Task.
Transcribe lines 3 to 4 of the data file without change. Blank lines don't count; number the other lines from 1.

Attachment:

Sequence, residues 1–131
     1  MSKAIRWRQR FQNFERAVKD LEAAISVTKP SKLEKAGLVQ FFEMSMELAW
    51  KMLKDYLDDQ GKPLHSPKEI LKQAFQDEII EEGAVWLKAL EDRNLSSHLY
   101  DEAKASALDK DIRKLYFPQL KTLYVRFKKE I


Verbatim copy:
    51  KMLKDYLDDQ GKPLHSPKEI LKQAFQDEII EEGAVWLKAL EDRNLSSHLY
   101  DEAKASALDK DIRKLYFPQL KTLYVRFKKE I